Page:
This often self-serving attitude is confirmed by an oral-account folk story. The villagers went out to hunt for rabbits. They beat the bushes and set fire to the wild grass so that they could flush out the hiding animals. There were dogs that barked and drew out the panicked animals from the bushes. Among their catch that day was a large burnt “rabbit”. They took it home and everybody wondered at a mouse-deer (over-sized “rabbit”) the size of a small dog. When they cut it open, they found a piece of ‘roti’ in the stomach. They debated and some said that a hunting dog doesn’t go into a blazing fire, while others said a rabbit doesn’t eat ‘roti’. Yet, all of them ended up relishing the meat.

Tales of the tiger

The men and boys in our Biarikody rural homestead slept in the outhouse across the forecourt of the main house, common to Bunt houses, called “mogasale”. Except for close relatives, other visitors were met and dispensed with in such outhouses. I used to sleep in our outhouse with my bachelor uncle. During the tigers’ mating season (November/December), we could hear them roaring and moving around in the surrounding forests and meadows. Some would come right up to the house and carry away the domestic dogs sleeping at our feet – leaving us untouched.

More than dogs, the tigers used to kill and gorge on cattle left by day to graze in the forests and meadows. The owners helplessly mourned their loss. Then the need for revenge entered the scene. Strong pesticides, duly diluted, had become part of farming. If a tiger killed a cow, its carcass was generously laced with undiluted pesticide. When the tiger came back to feast on the leftover-carcass, it became its last supper. The poison also killed the crows, vultures and jackals that feasted on the carcass.

The story doesn’t end there. We had a “house-servant”, who worked, ate and slept in our house, called Sila (Silam – Sila Uncle – to us children). His family lived on our farm and kept a cow for milk. One day, the cow did not return from the meadow. The sad conclusion was obvious. Silam mourned the loss and sulked.

Two days later, when we were returning with Silam from Sunday service at the church, we saw and heard crows making a scene on a small hillock, 20 yards away from our path. We went there to find a tiger with a bloated stomach, apparently dead. Silam became emotional and, saying something about his dead cow high-yeilding, kicked the stomach of the tiger with all the fury he could muster. As he did this, a loud growling sound emanated from both ends of the tiger. It was entrapped gas, but Silam did not know that. Shouting that the tiger was not dead, he ran for dear life up to the house – a good one kilometre away.

More birds…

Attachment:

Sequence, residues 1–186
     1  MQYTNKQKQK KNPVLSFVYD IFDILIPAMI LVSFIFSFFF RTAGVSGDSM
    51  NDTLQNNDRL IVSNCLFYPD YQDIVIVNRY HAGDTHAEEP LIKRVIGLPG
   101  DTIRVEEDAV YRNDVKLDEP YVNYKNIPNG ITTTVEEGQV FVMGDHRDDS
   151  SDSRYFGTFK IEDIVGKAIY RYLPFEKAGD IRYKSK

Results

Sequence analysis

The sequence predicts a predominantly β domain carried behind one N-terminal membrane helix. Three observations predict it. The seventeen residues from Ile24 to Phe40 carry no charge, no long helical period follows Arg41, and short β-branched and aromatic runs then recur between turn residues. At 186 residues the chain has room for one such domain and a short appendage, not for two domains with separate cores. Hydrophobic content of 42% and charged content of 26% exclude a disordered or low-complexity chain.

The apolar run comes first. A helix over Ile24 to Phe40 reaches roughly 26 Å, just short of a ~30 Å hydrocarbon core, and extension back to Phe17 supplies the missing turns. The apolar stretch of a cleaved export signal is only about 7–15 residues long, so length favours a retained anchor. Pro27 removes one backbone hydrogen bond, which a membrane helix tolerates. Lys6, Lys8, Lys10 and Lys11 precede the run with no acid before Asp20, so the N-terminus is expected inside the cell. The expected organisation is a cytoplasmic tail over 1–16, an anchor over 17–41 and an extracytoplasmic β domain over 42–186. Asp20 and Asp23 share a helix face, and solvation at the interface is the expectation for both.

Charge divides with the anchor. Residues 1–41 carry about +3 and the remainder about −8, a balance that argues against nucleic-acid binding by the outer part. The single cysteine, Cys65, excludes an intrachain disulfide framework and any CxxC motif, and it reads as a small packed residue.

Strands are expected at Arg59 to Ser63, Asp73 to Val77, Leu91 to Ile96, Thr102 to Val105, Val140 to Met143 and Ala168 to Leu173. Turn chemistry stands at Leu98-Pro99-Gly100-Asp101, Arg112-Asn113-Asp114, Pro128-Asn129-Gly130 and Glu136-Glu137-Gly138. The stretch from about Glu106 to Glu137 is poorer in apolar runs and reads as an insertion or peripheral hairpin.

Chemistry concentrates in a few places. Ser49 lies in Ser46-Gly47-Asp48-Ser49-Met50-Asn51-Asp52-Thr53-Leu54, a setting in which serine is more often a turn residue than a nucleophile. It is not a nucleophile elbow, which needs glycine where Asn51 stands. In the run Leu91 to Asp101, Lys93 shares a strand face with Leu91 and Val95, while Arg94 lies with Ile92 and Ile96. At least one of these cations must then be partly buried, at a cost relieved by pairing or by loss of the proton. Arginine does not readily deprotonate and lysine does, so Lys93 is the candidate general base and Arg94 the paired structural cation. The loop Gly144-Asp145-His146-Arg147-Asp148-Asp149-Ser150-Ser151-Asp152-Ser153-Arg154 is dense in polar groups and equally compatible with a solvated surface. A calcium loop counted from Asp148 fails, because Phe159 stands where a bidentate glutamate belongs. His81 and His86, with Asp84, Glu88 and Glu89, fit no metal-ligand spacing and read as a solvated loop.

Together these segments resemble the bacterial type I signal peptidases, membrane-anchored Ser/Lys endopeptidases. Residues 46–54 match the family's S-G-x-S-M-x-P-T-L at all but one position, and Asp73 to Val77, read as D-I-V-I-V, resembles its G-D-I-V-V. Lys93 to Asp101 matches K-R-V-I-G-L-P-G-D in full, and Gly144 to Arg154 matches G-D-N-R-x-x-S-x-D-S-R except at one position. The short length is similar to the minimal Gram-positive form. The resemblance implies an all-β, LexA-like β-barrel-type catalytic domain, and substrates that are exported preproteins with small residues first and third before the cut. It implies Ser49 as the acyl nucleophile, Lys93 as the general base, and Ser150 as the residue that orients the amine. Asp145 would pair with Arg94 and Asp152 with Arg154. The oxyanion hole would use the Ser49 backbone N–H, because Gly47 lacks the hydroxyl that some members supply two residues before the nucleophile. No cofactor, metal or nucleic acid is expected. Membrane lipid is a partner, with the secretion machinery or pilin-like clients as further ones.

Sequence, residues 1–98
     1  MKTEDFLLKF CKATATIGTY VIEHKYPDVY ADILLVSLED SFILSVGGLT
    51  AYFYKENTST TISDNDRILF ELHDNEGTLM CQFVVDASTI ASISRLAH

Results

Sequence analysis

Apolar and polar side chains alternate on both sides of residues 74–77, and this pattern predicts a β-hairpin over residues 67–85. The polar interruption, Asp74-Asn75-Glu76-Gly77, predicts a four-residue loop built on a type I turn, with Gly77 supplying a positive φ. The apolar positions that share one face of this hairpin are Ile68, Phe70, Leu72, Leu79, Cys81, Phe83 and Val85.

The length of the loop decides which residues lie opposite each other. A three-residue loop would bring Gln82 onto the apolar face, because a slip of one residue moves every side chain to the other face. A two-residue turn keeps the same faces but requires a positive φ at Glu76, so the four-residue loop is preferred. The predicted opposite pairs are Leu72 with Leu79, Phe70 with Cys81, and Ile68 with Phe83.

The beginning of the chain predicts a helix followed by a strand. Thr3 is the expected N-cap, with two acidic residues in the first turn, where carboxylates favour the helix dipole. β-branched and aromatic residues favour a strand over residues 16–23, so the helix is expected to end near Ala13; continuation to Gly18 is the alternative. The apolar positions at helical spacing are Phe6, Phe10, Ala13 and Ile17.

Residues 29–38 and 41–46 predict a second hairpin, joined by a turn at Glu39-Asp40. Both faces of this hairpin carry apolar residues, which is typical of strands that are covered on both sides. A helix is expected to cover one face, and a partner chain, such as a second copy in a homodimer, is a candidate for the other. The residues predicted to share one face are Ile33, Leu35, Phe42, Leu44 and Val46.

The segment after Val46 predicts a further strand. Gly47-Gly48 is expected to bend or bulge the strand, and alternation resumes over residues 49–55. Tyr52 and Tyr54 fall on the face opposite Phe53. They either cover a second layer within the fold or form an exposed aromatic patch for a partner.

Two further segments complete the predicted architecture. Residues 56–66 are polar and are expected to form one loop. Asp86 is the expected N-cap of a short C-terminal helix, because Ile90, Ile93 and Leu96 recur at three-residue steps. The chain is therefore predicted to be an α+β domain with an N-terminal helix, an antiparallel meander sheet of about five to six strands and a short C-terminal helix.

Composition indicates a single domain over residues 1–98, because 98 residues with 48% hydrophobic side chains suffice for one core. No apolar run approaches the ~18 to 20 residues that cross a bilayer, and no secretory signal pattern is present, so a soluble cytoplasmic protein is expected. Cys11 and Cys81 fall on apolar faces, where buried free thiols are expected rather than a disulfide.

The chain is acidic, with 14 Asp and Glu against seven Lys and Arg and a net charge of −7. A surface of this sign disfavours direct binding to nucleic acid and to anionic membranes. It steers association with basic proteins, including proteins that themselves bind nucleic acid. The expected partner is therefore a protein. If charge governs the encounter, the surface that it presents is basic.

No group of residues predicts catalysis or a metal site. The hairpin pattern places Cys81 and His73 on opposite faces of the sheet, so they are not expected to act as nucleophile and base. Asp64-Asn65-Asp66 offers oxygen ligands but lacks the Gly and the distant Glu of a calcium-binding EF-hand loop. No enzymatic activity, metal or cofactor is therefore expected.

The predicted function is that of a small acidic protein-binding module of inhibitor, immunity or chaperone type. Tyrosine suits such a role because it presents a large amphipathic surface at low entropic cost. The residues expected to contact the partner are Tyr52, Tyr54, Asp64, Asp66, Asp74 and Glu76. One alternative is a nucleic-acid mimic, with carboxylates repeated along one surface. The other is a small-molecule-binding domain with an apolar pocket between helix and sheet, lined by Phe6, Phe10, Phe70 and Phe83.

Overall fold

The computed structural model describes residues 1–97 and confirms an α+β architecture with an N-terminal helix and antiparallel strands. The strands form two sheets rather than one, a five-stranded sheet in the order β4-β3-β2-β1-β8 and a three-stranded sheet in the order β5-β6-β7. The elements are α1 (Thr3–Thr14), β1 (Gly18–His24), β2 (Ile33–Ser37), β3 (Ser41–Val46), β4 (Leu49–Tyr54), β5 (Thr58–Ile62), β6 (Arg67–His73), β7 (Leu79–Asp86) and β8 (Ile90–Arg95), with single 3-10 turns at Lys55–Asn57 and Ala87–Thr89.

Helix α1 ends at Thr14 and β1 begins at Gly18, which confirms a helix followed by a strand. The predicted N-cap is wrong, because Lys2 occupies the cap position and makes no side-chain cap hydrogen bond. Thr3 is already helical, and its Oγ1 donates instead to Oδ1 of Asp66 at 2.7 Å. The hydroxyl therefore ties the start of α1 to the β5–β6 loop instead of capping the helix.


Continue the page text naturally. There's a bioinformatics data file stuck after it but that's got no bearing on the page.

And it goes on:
Now fast forward to the year 2000 and Mangaluru. We retired to Mangaluruafter 40 working years in Bombay, and finally occupied Johnlyn Cottage, which had been ready for two years. The birds would not vacate the cottage when we arrived. Unable to tolerate the bright lights, the mini bats, creatures of the dark, that had made their residence in the untenanted house, faded away; but the sparrows that nested in niches atop the unused fan handles didn’t seem to be in a hurry to leave. They say that sparrows nesting in the house foreshadows new arrivals. In time, looking at us two retirees, they must have arrived at their own conclusions about having any cradle in the house, and flew away for good.

Singing cuckoos

But, outside the house, Johnlyn Cottage, we could hear the melodious singing of cuckoos. They were love calls. We couldn’t figure out who was initiating the love calls – males or females. We longed for them to come into our compound and sing for us, but the one old cashew tree in Johnlyn compound held no attraction for birds. Then my green-fingered wife raised a number of papaya trees yielding fruit. We went by the changing colour of the papayas to pluck the ripe ones, but the toddy cats (beru) by night and the cuckoos by day decided by the smell of the ripening fruits and gobbled them before we could pluck them.

Johnlyn Cottage being at the edge of a great wooded valley, we had visits from birds, animals and reptiles. My old nemesis, the cobra, would crawl around the boundary walls as we played cards on the basement floor – only to be driven off by our dogs. Then there would be monkeys and peacocks paying us occasional visits. One unusual visitor was an iguana that entered the compound only to be barked away by the dogs. The toddy cats no longer come, because they are being poisoned by residents for no good reason; I see their carcasses on the road on my way to the maidan for the sessions of the Bondel Laughter Club, founded by me in 2002 and still surviving (Google “Laughter Club Bondel” for video).

Crab’s grab